"Unlimited" range communication

Hi!

I’m working on a remote controlled weather station project. The distance I need to cover is 200 km.

Currently I’m using 2 mobile phones - one at each side - for communication pusposes (serial comm.), but I would like to use a different protocol than GSM network. Internet is not an option, since it is not present at a remote location.

I’ve been doing a little research and came up with 2 other ways of communication - RF or satellite. Can any of these two be implemented in practice?

Are there any other options for “unlimited” range (or let’s say up to 200 km) communitation? Money is not an issue.

Cheers

Can any of these two be implemented in practice?

Both could. But, the GSM shield already does that.

Money is not an issue.

If this were true, internet would be available at the remote location.

PaulS:

Can any of these two be implemented in practice?

Both could. But, the GSM shield already does that.

Still, I'd be grateful for any practical example or application that includes controlling something with uC via long range RF/satellite comm.

PaulS:

Money is not an issue.

If this were true, internet would be available at the remote location.

"Local" ISP says no. The problem is this is the only cabin within 15 km radius. And i meant not an issue in sense that I'm willing to pay a bit more than an average GSM shiled costs.

I'm not sure how prevalent it is these days, but maybe packet radio could be what you're looking for: http://www.ampr.org

My comment was a hint that you should explain why the GSM shield is not suitable. Perhaps it was too subtle.

Finding suitable RF hardware with the range you want is going to be a challenge. Finding satellite-communications-capable hardware that is compatible with the Arduino, and that doesn't involve GSM, is also going to be challenging.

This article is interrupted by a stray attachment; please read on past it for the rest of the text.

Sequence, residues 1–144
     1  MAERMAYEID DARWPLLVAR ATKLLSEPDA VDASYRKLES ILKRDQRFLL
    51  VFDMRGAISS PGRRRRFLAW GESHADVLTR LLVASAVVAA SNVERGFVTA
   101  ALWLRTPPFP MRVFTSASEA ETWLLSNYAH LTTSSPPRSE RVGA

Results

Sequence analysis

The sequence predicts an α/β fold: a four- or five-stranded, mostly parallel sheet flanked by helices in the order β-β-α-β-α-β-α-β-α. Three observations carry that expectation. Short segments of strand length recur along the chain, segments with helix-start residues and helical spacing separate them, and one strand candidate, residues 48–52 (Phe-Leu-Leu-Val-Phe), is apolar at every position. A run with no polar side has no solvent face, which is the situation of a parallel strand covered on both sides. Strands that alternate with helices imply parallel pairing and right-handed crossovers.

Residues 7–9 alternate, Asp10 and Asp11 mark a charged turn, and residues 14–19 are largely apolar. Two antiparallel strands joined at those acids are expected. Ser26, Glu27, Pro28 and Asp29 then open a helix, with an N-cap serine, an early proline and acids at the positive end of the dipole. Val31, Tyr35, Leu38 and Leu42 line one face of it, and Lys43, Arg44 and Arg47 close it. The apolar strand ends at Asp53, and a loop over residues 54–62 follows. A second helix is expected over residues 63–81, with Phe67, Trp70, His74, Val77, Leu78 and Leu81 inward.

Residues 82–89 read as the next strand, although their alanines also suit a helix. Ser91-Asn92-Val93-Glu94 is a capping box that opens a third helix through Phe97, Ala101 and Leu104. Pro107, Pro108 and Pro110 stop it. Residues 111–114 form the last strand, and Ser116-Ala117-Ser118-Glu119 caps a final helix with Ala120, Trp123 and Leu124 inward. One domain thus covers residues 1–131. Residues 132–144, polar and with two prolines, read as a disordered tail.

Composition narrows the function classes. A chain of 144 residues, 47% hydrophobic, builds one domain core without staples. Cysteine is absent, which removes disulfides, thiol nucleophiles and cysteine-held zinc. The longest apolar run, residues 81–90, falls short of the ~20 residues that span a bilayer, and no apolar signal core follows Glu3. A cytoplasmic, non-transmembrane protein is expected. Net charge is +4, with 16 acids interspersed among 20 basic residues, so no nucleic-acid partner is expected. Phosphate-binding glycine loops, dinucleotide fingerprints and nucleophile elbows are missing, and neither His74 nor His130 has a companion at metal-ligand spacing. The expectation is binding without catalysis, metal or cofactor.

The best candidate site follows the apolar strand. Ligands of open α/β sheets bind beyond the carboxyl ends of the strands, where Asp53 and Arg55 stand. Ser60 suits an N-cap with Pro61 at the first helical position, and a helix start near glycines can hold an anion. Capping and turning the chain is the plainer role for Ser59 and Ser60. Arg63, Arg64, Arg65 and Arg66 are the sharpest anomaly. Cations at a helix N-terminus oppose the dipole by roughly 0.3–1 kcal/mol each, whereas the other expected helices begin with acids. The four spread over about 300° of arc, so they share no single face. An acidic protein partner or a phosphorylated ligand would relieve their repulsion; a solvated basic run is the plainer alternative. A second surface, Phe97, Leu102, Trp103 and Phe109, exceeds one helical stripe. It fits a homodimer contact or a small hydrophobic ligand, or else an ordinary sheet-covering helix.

Are there any other options for "unlimited" range (or let's say up to 200 km) communitation? Money is not an issue.

PaulS has a point. GSM may be much less expensive that the radio alternative. I can get 2.4GHz radio transmitters and antennas from more than one supplier that can transmit that far IF the antennas are line-of-site. For line-of-site at 200km, each antenna would need to have a horizon distance of 100km (halfway). All you need is 2 towers 800 meters tall. That should make the cost of the radios relatively insignificant.

Lower frequencies don't require line-of-site, but for that range usually require a license for the stations and the operators.

If you think GSM is expensive, wait until you check into satellite. $)

wicket: I would like to use a different protocol than GSM network.

Different in what way? Do you mean you don't want to use mobile data (why not?), or just don't want to use the particular protocols you're currently using (which you haven't told us)?

People sending off unmanned sailing boat drones over the Atlantic use satellite thingies to regularly report back the location of the boats. Looking at the devices they use, some of them offer the ability to send short messages as well (battery status, weather data etc.). http://www.microtransat.org